Car crashes are the No. 1 cause of death for teens in the United States. By pairing monitoring technology with increased parental guidance, we can help.
The threat of teen car accidents is all too clear to driving safety advocate and author Tim Hollister, who lost his 17-year-old son Reid in 2006. Since the accident, Hollister has become an expert on driving safety and an outspoken advocate for giving teen car crash prevention the attention it deserves. We sat down with Hollister as well as Steve Casner, a Ph.D. in psychology who specializes in risk behaviors, to learn the most important things parents can do to prevent tragic deaths like Reid’s.
1. Understanding the brain
First, what is it that makes all drivers, not just teens, do things that they’ve been told are risky? Casner explains: “When deciding whether something is risky or safe, they give it a try a few times and see how it goes. And if you spend a few minutes switching your attention between phone and road, it all seems to go just fine.”
In other words, firsthand, “common-sense” experience has a powerful effect on what we believe, and we need to be educating ourselves as well as our teens with this type of psychology 101.
“Kids need to understand how their sometimes-fallible minds work more than anyone. They need to know that they’re as likely to err as anyone else,” Casner says.
2. Know the limits of driver’s education
Parents need to remember that learning to drive safely begins rather than ends at licensure. Hollister explains: “Driver’s ed. is essential, because they need to know the rules of the road and how to operate a car. But there’s no way it can prepare teens for the risks they face as actual drivers,” says Hollister. “When your teen is done with driver’s ed and gets their license, it doesn’t mean they’re a safe driver. It means they’re a beginner.”
Since learning the risks of the road can only come from experience, it’s important that teens start off driving in low-risk situations. This is exactly what teen driving laws, or “graduated licensing,” are doing in many communities: letting teens drive shorter, familiar routes, such as to and from school, in daylight, before they move up to potentially riskier situations.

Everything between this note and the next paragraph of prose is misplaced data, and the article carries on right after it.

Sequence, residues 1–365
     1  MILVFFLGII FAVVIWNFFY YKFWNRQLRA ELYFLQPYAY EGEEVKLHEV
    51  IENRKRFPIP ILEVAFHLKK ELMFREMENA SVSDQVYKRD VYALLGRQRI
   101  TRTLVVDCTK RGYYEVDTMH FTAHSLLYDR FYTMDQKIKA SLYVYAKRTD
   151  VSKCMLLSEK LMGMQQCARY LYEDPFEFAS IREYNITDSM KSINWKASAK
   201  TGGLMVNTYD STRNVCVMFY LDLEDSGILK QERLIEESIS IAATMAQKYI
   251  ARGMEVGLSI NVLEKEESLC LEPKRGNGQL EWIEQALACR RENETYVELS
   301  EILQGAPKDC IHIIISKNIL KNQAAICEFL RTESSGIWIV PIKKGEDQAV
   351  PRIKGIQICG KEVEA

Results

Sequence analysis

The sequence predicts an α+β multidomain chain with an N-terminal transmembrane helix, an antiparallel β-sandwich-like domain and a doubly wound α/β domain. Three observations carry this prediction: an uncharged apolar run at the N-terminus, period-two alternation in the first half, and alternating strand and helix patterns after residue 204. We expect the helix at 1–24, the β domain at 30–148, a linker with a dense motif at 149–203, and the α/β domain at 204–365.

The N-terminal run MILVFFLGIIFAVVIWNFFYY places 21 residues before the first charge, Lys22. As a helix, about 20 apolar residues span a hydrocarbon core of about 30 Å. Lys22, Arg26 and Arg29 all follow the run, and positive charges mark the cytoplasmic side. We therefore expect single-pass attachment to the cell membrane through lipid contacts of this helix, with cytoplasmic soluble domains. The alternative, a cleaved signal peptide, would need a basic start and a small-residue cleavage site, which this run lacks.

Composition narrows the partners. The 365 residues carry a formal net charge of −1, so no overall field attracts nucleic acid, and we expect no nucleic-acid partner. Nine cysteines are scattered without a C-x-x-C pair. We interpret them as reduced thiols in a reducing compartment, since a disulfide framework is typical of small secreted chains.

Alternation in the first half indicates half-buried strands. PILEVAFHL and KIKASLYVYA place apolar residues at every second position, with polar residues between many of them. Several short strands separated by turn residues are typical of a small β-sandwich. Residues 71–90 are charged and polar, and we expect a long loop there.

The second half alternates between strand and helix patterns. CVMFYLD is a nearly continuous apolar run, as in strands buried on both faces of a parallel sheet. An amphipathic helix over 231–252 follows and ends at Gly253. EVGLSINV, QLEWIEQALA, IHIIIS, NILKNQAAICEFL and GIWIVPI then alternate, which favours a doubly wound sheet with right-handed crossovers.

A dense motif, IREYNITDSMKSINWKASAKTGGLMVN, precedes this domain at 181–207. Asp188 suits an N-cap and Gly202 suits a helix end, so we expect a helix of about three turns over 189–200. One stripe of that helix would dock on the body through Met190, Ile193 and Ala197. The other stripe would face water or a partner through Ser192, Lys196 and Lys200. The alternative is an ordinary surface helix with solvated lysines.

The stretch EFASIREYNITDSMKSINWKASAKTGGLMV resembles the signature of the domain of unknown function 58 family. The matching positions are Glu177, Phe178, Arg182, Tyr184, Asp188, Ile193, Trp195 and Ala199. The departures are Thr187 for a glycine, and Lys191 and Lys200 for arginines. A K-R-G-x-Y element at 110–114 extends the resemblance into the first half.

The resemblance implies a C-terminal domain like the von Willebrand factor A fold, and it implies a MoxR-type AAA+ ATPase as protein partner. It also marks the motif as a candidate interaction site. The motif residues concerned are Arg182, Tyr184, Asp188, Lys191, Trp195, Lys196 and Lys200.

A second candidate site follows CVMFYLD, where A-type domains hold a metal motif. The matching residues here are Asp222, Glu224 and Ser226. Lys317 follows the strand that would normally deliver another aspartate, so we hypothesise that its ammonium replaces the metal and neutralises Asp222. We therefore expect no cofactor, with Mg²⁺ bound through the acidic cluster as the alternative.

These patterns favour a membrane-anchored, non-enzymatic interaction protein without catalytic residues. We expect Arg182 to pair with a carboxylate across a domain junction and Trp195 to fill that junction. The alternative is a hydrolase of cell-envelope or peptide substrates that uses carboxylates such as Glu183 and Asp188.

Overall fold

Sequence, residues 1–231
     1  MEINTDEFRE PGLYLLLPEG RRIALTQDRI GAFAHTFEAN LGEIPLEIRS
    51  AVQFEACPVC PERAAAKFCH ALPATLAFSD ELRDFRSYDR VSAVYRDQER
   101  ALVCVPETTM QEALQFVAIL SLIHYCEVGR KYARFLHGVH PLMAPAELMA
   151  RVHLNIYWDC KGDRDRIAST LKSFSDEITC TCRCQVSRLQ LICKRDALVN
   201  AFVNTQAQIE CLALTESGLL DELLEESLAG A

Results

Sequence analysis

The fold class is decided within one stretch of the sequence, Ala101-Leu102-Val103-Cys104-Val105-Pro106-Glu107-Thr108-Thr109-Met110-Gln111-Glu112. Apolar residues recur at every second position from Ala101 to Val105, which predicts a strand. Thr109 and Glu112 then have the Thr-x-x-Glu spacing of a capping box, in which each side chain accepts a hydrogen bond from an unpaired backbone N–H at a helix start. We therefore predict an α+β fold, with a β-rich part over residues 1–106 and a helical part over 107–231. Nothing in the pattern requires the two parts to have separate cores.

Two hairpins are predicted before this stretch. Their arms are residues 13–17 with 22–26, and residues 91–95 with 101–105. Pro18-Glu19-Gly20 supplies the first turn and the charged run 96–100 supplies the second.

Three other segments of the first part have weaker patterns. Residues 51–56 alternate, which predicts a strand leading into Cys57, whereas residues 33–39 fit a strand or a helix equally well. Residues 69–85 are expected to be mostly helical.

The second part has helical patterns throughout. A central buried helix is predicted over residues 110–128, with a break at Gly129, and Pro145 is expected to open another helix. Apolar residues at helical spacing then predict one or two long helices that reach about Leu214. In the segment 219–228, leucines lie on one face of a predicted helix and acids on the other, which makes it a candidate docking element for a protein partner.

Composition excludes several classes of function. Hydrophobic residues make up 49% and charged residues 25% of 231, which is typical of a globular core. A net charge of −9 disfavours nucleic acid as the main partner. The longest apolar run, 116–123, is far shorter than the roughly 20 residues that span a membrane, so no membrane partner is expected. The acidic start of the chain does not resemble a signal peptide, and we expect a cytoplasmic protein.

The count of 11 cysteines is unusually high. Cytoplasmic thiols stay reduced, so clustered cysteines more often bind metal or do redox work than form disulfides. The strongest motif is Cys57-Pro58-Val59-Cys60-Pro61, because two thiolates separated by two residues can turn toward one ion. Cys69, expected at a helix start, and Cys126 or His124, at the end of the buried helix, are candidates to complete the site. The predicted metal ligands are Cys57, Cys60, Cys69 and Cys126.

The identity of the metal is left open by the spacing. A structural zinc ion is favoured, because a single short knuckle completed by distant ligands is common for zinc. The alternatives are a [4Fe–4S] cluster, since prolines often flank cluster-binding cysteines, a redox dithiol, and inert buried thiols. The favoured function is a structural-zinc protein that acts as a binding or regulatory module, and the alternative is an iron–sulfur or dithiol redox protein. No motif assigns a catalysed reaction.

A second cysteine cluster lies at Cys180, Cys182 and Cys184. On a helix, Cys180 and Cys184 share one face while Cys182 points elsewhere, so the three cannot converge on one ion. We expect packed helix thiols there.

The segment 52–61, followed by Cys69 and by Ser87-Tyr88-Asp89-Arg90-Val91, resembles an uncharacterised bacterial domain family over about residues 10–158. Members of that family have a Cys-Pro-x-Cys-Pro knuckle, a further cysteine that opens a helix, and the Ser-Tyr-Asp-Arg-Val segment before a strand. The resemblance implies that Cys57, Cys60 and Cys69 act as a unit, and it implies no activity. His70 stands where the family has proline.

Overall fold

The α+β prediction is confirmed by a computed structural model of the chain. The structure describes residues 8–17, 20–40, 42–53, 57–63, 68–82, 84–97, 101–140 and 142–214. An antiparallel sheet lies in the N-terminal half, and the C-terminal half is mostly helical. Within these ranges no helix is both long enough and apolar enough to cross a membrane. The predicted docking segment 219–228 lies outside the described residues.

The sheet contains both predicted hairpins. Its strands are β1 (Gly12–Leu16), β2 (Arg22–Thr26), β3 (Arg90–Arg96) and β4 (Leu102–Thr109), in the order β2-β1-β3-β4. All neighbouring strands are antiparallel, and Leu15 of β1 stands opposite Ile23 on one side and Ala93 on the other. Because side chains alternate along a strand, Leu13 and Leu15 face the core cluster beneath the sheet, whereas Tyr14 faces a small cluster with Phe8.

3. Be the “air traffic controller”
Hollister encourages parents to oversee driving by monitoring what he calls PACTS — passengers, alcohol (and drugs), curfews, texting and seatbelts.
“These are the five biggest places where parents can intervene,” says Hollister, recommending that parents do this for every driving occasion, even if it seems repetitive.
“It’s a good practice. Treat driving like flying. You wouldn’t toss the keys to a pilot and say ‘just be careful,’ and you shouldn’t do that with a teen driver either.”
Hollister recommends using new monitoring technologies to make sure your teen is sticking to the guidelines you’ve set up, allowing you to intervene and nip bad habits in the bud. “The product I’m most familiar with is Hum by Verizon, an unobtrusive plug-in below the dashboard which sends [vehicle location and speed] data to an app on the parent’s phone. There’s no room for error here … we just can’t let them fail.”
4. Make driving safety cool
The best way to keep teens involved in their own safety is with positive reinforcement. “Peer pressure is such a huge factor here,” says Casner. “We’re going to have to find a way to make sensible driving cool, just like we did with recycling.”
Monitoring technology, like Hum by Verizon, provides parents with data that they can use not just to let their children know when they’re breaking the rules, but to show them where they’re succeeding. By showing young people that driving safely — and intervening when their friends are engaging in risky behaviors — is about more than just following the rules, we can foster a healthier understanding of driving risks.